You probably heard that news that John McCain's VP nominee Sarah Palin has a seventeen-year-old daughter, Bristol, who is pregnant and plans to marry the father. In today's New York Times there's a piece with the headline, "In Political Realm "Family Problem" Emerges as Test." Swap in the word "relationship" instead of "political," and you could be describing the experience of meeting your significant other's family.
The questions in both the political and relationship realms are these: How much is someone's family a reflection of them, and should your lover's clan influence the decisions you make about him or her?
In the relationship realm, someone's family probably isn't a make or break issue, but the way your partner handles this connection is key. Does he protect you from a verbally abusive mother-in-law? Does he help you understand his family's culture?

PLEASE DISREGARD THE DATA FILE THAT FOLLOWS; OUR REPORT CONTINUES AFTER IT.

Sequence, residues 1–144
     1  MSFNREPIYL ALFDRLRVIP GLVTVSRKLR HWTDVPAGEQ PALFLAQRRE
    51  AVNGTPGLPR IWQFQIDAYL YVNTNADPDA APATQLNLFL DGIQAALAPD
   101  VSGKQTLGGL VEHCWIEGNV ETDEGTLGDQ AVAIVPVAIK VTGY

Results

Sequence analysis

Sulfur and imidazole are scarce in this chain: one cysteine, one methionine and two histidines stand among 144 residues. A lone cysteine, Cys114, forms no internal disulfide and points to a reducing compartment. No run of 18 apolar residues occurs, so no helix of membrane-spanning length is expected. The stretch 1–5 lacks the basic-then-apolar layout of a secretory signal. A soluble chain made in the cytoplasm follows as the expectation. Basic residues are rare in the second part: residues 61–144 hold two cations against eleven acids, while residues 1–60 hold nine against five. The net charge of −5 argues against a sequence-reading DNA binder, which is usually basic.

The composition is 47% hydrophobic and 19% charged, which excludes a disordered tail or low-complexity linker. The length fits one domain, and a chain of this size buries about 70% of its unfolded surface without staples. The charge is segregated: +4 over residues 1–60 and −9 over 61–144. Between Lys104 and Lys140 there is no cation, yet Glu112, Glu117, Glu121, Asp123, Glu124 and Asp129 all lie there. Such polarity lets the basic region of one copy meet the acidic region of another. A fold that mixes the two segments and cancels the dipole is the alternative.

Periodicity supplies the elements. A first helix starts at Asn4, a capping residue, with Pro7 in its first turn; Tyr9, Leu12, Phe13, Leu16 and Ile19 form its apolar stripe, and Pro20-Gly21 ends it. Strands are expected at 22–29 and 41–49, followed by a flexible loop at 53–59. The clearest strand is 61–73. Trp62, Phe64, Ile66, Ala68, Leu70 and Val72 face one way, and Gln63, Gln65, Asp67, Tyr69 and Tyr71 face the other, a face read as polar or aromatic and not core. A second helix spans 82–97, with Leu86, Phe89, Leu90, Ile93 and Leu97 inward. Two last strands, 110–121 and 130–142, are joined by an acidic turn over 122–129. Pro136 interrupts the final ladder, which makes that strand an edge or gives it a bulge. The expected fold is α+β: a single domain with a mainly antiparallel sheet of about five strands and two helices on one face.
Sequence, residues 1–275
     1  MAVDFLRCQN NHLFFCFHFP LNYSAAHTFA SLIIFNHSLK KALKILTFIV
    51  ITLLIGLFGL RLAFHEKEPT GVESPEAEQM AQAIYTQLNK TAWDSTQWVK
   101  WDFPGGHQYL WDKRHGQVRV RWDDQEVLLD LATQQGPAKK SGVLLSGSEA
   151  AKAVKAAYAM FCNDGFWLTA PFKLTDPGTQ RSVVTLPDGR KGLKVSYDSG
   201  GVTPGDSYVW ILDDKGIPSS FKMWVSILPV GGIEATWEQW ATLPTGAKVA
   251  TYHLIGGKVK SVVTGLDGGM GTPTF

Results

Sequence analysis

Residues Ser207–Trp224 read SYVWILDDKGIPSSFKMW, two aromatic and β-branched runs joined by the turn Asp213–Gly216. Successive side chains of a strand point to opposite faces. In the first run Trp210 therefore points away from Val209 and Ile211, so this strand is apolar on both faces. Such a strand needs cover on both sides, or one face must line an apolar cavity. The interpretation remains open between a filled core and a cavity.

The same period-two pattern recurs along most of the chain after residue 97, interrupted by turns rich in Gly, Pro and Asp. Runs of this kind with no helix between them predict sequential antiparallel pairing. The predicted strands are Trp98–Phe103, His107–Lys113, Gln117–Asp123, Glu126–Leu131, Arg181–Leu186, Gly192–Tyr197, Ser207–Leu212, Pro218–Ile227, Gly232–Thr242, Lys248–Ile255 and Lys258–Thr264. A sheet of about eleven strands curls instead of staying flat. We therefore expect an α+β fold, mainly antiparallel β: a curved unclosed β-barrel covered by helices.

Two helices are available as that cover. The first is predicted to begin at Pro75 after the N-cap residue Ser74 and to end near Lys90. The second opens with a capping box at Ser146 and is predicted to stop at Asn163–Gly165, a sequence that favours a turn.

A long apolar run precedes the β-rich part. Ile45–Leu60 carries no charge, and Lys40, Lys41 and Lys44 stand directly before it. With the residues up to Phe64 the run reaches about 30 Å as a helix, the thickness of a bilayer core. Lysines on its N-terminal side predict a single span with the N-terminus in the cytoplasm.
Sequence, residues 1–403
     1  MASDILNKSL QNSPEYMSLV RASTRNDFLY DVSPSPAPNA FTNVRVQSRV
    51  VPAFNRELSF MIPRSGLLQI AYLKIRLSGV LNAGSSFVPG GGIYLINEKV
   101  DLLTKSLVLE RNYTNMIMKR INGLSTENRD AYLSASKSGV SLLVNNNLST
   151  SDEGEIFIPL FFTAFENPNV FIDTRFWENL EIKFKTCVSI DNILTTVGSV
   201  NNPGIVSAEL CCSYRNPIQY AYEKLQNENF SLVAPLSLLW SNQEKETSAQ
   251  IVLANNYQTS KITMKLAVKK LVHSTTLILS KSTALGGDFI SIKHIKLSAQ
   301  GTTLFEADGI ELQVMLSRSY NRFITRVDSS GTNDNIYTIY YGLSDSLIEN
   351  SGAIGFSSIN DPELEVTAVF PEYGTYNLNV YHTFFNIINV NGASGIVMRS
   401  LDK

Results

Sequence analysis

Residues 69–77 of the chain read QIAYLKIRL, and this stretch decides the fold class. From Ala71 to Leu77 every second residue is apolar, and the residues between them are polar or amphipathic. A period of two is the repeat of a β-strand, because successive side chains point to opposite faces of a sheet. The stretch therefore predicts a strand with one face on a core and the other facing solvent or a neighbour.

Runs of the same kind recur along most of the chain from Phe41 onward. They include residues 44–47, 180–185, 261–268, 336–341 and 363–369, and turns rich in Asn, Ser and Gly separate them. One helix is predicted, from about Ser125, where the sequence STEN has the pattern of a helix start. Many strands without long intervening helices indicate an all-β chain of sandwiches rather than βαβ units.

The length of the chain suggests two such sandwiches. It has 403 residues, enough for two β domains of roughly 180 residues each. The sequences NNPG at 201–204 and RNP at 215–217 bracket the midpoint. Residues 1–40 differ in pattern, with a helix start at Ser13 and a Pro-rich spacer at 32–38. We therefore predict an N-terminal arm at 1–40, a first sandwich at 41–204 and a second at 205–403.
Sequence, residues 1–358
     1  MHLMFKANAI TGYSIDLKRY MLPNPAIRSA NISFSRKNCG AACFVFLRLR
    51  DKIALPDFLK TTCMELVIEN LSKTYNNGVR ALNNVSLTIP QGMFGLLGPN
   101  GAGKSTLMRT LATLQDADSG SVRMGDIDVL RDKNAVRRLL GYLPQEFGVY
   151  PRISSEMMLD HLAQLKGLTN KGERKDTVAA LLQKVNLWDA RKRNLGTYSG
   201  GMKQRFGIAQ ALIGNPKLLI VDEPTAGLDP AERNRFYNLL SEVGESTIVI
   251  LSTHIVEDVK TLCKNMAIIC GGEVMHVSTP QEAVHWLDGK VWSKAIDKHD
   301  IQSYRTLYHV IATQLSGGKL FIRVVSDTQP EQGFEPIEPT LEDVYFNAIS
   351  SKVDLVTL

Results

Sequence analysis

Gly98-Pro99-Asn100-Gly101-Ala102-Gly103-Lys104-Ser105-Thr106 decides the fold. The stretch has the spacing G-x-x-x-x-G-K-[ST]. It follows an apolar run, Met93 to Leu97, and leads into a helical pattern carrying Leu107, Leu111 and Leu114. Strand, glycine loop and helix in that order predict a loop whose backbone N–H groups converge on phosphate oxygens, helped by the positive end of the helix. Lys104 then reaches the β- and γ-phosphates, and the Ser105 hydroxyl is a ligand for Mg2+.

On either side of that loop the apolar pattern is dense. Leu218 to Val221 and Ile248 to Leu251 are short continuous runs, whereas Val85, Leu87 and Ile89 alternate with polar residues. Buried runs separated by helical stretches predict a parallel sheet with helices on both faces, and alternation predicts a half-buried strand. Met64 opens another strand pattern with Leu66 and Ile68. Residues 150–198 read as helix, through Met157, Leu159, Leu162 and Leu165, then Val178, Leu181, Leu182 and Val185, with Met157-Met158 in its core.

In Sarah Palin's case the question is about how she handles her daughter's pregnancy. A Republican strategist quoted in the Times said that, "When you combine the special-needs infant with the pregnant teen, some voters might wonder why she is pursuing political ambitions at the expense of maternal or family responsibilities." Bu, as the New Hampshire Republican chairman pointed out, "there is no such thing as the perfect candidate," just as there's no such thing as a perfect spouse.
Politicos, including Barack Obama, have said that a politician's family life should be private, some voters, like girlfriends and boyfriends, can't help but take a person's family into account, even if they don't want to.
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